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Blitzkrieg Bop: Wynton Marsalis led a musician's movement that changed the course of jazz.

Jazz Punk

How Wynton Marsalis revolutionized the genre--by taking it back to its roots

By Rob Pratt

EVERY PUNK KID experiences a moment when they realize something new is going on in the world. But it's not always the Sex Pistols or Black Flag or any actual punk band that does that. For me, it was when I saw Wynton Marsalis perform for the first time.

I remember seeing him on the 1983 Grammy Awards broadcast, segueing from a classical trumpet concerto to a swinging jazz number in an all-too-short performance that expanded my conception of jazz, of music--of the world--several-fold. No other player has equaled the feat Marsalis performed during that Grammy Awards ceremony (except Marsalis himself, the very next year), winning honors in both the classical and jazz categories. And no player has yet equaled the five-consecutive-year Grammy-winning streak that he launched in 1983.

But jazz is not like baseball, where the accrual of sensational statistics ensures a spot in the Hall of Fame. Marsalis has earned his place in history by launching a musical revolution that returned jazz to its roots.

Nearly 20 years later, the Marsalis revolution has become an institution--literally. In 1992, his four-year series of jazz concerts at New York's Lincoln Center morphed into a permanent jazz program, with Marsalis leading the Lincoln Center Jazz Orchestra, a group that boasts high art legitimacy alongside Lincoln Center peers like the New York Philharmonic, the Metropolitan Opera and the New York City Ballet. By winning the 1996 Pulitzer Prize in music for his concert-length jazz oratorio Blood on the Fields, Marsalis cemented jazz's status as a respected force in American cultural life.

When he comes to the Civic Auditorium Thursday, Marsalis returns to Santa Cruz as the most recognizable figure in contemporary jazz. His influence extends far beyond that of a player and composer. More than any other single voice in jazz, Marsalis defines the way most of America understands the music's history and jazz's place in the contemporary world.

Jazz Revolution Now!

When Marsalis hit the scene at the dawn of the Reagan Era, jazz music had started to stagnate in the wake of heady jazz experimentation during the 1970s. The creative promise of electrified jazz, as played by Miles Davis' groups on In a Silent Way and Bitches' Brew or by Chick Corea and Return to Forever or by Weather Report, had devolved into jazz-fusion (now more appropriately called "light jazz" or, even worse, "smooth jazz") played by Spyro Gyra, Steps Ahead and David Sanborn.

I was a freshman in high school at the time, a budding tenor saxophonist who had switched from clarinet two years earlier, after stumbling across a sheaf of Charlie Parker's Verve recordings at the local library. I had explored the bebop of Parker, Dizzy Gillespie and Thelonius Monk and probed the hard bop of Miles Davis and Art Blakey. Even before I was old enough to drive a car, I knew that nobody even thrice my age played jazz like that anymore.

Until I heard Marsalis, that is. With his brother Branford Marsalis on clarinet and saxophone, Kenny Kirkland on piano and Jeff "Tain" Watts on drums, a serious-faced, bespectacled Wynton Marsalis made Monk, Lee Morgan and Freddie Hubbard sound like they were alive again and still turning out sides for Blue Note Records. The music that Marsalis and company played was urgent and youthful and so wildly divergent from the jazz-fusion of the day that it sounded shockingly new.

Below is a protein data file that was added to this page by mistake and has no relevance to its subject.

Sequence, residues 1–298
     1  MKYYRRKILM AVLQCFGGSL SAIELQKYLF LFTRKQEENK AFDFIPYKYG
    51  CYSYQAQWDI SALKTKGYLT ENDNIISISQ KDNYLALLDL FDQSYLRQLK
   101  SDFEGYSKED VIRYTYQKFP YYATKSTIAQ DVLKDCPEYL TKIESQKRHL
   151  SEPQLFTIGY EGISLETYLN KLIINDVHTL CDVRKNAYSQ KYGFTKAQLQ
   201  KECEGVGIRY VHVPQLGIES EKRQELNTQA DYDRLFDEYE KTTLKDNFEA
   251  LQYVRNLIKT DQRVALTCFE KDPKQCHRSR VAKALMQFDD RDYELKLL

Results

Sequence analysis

The New Traditionalists

Soon, the hottest thing in mainstream jazz was a group of young players--"young lions" like Joshua Redman, Christian McBride and Roy Hargrove--who drew their sound more from the old guard in jazz than the avant-garde. Some cynical critics have ascribed the ascendance of Marsalis and the "young lions" to savvy marketing on the part of record labels that aimed to reign in jazz's far-out excesses in order to bolster sales. Maybe so, but the Marsalis movement has a generational character, too. The baby boomers rebelled against their elders by thumbing their nose at tradition. Generation Xers like Marsalis (whose 1961 birth year puts him on the cusp of the cohort) sometimes rebel against their nontraditional elders by embracing tradition--the way the Pistols latched onto the pioneer rock of Eddie Cochran and Gene Vincent, and the Cramps covered every forgotten '50s hit they could get their hands on.

Critics have also lambasted Marsalis for paying scant attention to jazz movements of the late 1960s and 1970s. Jazzophiles cried foul during the broadcast of Ken Burns' landmark documentary Jazz, which featured Marsalis as a primary commentator, for weighing too heavily on early figures like Louis Armstrong and giving light treatment to anyone who came after Coltrane.

Even his sharpest critics have to admit that, in restoring jazz to its fundamental values, Marsalis has advanced the cause of jazz as a whole. In seeking to honor the likes of Armstrong and Duke Ellington, Marsalis has earned a place among the pantheon of jazz greats where they reside. Even more, he has rechristened jazz as a music of joy and of sorrow, of simple pleasures and grand ambitions, and as a music that speaks for all of America.


The Wynton Marsalis Septet plays the Santa Cruz Civic Auditorium, 307 Church St., Santa Cruz, Thursday, June 13, at 8pm. Tickets are $60/$45/$35. (420.5260)

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From the June 12-19, 2002 issue of Metro Santa Cruz.

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